Featured Athlete: Connor McCluskey

Featured+Athlete%3A+Connor+McCluskey
Back to Article
Back to Article

Featured Athlete: Connor McCluskey

Featured Athlete: Connor McCluskey

Featured Athlete: Connor McCluskey

Courtesy Carolina Sánchez

Featured Athlete: Connor McCluskey

Courtesy Carolina Sánchez

Courtesy Carolina Sánchez

Featured Athlete: Connor McCluskey

By Assistant Sports & Health Editor

Connor McCluskey, a sophomore audio arts & acoustics major, is captain of the college’s Quidditch team. Quidditch, an invented sport featured in J.K. Rowling’s “Harry Potter” series, has begun to pop up in chapters on college campuses around the country, rallying athletes and fans alike—broomsticks, Golden Snitch and all.

The Chronicle spoke with McCluskey about how he came into his “Harry Potter” fandom, started a new sport on a college campus, united the Muggles Association of Columbia and the Renegades and adapted wizarding athletics to the real world. 

THE CHRONICLE: Were you a big fan of the “Harry Potter” series before becoming involved with Quidditch?

CONNOR MCCLUSKEY: I was very interested in “Harry Potter;” it’s been a big part of my life. I read the books as a kid and grew up watching the movies. So growing up, that’s where the interest in playing Quidditch developed. I think I started reading the books in 2002, and I finished the series when the last one was released.

What was your involvement in organizing Columbia’s Quidditch team?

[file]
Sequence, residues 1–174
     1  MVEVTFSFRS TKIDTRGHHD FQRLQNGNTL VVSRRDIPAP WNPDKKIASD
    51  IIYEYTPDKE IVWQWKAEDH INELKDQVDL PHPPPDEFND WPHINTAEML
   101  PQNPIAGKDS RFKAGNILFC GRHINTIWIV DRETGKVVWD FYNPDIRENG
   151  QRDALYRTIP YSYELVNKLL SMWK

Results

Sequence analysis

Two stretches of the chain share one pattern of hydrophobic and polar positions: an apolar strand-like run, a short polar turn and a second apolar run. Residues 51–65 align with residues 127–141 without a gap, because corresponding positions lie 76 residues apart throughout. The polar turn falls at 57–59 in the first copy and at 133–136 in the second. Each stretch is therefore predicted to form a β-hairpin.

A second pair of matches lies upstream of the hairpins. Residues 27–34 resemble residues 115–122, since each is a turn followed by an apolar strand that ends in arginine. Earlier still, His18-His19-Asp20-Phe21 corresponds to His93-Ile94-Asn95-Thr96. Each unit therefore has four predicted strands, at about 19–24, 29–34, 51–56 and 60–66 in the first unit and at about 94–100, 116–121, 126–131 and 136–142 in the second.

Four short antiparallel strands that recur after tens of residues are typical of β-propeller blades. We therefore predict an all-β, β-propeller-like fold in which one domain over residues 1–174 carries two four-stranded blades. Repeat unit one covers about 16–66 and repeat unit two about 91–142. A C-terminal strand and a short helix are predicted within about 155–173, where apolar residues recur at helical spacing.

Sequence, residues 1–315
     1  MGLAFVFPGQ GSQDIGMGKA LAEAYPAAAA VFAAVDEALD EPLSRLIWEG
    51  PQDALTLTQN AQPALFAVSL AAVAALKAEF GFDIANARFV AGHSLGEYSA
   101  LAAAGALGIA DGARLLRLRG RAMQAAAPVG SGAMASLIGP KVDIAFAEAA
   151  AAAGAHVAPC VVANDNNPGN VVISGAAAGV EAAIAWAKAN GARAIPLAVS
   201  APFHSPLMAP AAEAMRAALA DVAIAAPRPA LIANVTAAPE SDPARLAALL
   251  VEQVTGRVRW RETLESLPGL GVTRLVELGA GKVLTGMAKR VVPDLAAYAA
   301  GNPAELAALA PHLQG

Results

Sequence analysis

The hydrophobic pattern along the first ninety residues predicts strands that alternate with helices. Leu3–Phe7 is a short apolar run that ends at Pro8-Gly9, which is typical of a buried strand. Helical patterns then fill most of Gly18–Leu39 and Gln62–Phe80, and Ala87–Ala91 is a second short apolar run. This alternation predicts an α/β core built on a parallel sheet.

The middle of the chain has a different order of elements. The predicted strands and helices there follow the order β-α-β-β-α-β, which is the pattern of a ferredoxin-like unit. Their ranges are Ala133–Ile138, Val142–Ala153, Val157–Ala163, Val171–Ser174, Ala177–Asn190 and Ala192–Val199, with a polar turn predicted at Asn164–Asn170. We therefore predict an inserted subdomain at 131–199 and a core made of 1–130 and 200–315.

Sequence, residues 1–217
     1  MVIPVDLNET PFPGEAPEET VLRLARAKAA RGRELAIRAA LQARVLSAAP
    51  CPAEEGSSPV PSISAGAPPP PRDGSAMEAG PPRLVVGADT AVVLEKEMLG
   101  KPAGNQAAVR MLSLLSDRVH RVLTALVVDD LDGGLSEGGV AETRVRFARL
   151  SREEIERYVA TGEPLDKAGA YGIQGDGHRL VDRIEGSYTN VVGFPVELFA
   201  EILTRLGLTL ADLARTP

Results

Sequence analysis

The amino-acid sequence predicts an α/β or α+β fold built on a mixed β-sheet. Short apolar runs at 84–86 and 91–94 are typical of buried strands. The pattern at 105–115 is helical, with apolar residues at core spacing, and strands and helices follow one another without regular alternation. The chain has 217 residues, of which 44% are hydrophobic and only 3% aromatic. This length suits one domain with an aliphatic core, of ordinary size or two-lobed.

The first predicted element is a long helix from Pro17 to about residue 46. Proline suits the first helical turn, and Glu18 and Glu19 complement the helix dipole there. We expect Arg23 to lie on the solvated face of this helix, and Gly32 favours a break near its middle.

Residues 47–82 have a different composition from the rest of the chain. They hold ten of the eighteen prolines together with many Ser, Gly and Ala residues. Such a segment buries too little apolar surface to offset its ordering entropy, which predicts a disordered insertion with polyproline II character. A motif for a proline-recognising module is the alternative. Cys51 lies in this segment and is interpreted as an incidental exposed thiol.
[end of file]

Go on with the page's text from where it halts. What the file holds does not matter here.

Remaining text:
I became a member of the Muggles Association of Columbia last year. I kept attending the meetings and events, and I’d been asking for [the team to be formed] for a while, and they gave me the position of Quidditch captain. It became my job to research the game and learn how it was played. I’ve been working alongside the Muggles Association and the Renegades to get the team opened. Naturally, people from the MAC [and] the Harry Potter Club would be interested in participating. Of course, it is a sport, so the Renegades play a big part, too. My job has kind of been to collaborate with both. 

How is Quidditch played?

The main idea of game play is to score as many points as possible before the Snitch is caught. The game is played with five balls. Fans of the series will remember the Snitch is a flying ball that sprints around the field. What we have is a cross-country runner with a sock tucked into the back of their shorts. Our seekers are the people chasing the Snitch, trying to find it and catch it by pulling the sock from the runner’s shorts. The main ball is called the Quaffle—the center ball—and chasers use it to score points by throwing it through a hoop that is protected by keepers. There are three Bludgers—deflated dodge balls that are thrown to knock people out and prevent them from scoring. Once the snitch is caught, the game is over and whichever team has the most points wins.

When is Columbia’s Quidditch team going to get off the ground?

Because we’re a first–year team and we’re still organizing, we’re working on theoretically having games scheduled by early next semester. There are other schools in the area with teams. Loyola [University Chicago] has one, I believe Northwestern [University] has one and I also think University of Chicago has one. There’s a big base around just the Chicago area alone, so we’ll be playing these sorts of teams.

Do you think the sport will have mainstream appeal?

So far, Quidditch has been really exciting for people. We’re really excited to have it around, and I think it’s a great chance for people to play a sport that is completely unconventional, which I think is really cool. It’s a real sport that requires skill and a team effort to play. A lot of people seem interested in playing, whether they are “Harry Potter” fans or not.

Hang on for a minute...we're trying to find some more stories you might like.